The Hong Kong Legislative Council begins its new session with much gnashing of teeth as pro-Beijing lawmakers grab the top positions on committees and panels. Last week, they (from pro-democrats’ viewpoint) hijacked the assembly’s two main committees, and now they seize control of most of the subcommittees. This will make it harder for pro-democrats to get in the government’s (and public’s) face by holding up spending proposals and bills.
It is partly retaliation for last year, when the pro-dems’ outsmarted the loyalists in the jockeying for influence over the council’s work. It also represents an end to the practice of letting the democratically elected opposition have some top seats to compensate for over-representation of pro-government members from small, rigged functional constituencies. This tradition did not reflect a sense of fairness so much as a perceived need to give the system some credibility. Now, any pretense that representatives of the people deserve a voice – if only for the sake of symbolic legitimacy – has been abandoned. It is now about raw power.
This is part of a pattern. The police and other front-line government departments are turned into political tools. Public bodies are padded out with loyalists who can impose political tests in academia. Grim old cadres from Party Central rail against separation of powers. Communist propaganda turns on the party’s co-opted shoe-shining Hong Kong tycoons. It’s No More Mr Nice Communist Dictatorship. The Beijing officials at the Liaison Office have clearly ordered the Hong Kong government to throw that colonial gentlemanly-sporting-decency hogwash out the window and get on with exerting proper, no-nonsense Control.
Much of the public, fed up with pro-dem lawmakers’ filibustering (or at least pro-establishment media’s laborious reporting of it), will not be too concerned about Legco committees. The mainstream pro-dem legislators will probably focus on the small picture and indulge in some self-pitying moaning. For years, they have fought nobly for their principles within a structure that is rigged against them but pluralistic and rules-based. Their old guard (which means most of them) are hopelessly ill-equipped to survive, let alone counter, a Leninist enemy-crushing machine that regards fairness with contempt and does not distinguish legitimacy from power.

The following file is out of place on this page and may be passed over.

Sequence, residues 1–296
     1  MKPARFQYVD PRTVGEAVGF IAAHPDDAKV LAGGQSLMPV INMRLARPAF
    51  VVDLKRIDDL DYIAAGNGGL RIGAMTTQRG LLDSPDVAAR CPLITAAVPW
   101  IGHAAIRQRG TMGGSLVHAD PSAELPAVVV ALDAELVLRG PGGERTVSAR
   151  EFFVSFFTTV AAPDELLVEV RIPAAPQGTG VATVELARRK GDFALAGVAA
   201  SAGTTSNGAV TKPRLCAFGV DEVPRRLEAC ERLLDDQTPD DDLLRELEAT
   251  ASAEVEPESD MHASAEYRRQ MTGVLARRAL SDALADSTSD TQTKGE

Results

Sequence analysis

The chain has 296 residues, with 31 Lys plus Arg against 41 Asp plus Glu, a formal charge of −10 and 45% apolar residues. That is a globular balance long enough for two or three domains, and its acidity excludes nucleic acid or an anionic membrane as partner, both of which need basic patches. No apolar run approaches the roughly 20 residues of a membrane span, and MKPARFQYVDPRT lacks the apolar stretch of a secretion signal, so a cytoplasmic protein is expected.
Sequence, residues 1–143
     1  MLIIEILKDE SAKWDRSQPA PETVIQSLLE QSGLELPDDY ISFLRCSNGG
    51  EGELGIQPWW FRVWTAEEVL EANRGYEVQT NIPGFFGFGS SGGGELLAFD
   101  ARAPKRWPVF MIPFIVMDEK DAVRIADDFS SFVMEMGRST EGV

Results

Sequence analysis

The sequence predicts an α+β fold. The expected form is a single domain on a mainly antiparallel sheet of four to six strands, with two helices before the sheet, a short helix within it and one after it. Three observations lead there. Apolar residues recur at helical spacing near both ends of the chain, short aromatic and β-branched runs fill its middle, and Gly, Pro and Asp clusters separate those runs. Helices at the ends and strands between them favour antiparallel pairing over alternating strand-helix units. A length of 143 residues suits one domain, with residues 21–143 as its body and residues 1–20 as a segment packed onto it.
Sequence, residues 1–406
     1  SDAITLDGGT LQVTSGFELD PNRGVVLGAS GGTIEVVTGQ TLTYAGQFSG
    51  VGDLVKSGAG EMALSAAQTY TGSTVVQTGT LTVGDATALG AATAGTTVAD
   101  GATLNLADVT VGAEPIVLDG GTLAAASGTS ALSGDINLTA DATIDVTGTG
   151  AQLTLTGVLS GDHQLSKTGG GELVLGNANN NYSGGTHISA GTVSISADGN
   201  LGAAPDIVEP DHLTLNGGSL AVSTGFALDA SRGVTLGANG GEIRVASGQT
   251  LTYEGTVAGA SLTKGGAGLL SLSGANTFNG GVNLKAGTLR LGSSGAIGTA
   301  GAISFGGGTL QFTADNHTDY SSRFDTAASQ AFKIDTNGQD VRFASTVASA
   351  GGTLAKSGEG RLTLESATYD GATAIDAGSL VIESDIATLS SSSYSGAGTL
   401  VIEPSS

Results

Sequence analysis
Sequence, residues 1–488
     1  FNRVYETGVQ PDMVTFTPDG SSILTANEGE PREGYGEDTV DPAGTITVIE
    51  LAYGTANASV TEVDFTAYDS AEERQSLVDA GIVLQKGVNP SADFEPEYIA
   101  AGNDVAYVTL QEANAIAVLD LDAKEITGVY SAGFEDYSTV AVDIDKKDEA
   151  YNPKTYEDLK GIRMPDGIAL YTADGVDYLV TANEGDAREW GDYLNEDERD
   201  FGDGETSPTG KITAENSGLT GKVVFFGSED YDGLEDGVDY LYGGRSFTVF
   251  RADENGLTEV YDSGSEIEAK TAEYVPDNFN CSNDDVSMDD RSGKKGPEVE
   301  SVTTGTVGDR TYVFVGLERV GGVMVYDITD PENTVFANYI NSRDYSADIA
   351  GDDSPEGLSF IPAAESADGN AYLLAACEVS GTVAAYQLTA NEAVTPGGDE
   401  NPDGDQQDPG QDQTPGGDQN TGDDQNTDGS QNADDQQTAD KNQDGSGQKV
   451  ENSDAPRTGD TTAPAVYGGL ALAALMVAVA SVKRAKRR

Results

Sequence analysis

The next Legislative Council election is less than 12 months away. By Hong Kong standards, it will be brutal: the Liaison Office will not hesitate to use fake voters, fake candidates, smears, bribery and physical intimidation to defeat the opposition. The old campaigners like Emily Lau and Albert Ho should be planning on giving way to a younger, more nimble and creative generation, who can find ways to use the United Front’s brute strength against it.
For example, the Liaison Office-led Hong Kong regime from this point on will have no interest in credibility or the pretense of a level playing-field. It will want, among other things, a rubber-stamp legislature. So, fine – abandon Legco. Let it be full of hapless puppets, and let the people draw their own conclusions about its legitimacy and decide who really represents them. Meanwhile, use the sort of unpredictable, tech-exploiting, culturally rich, energetic and witty methods of the last 12 months’ activism and protest to maximum asymmetric effect. The fight is, ultimately, against people who can’t handle a university Magna Carta exhibit.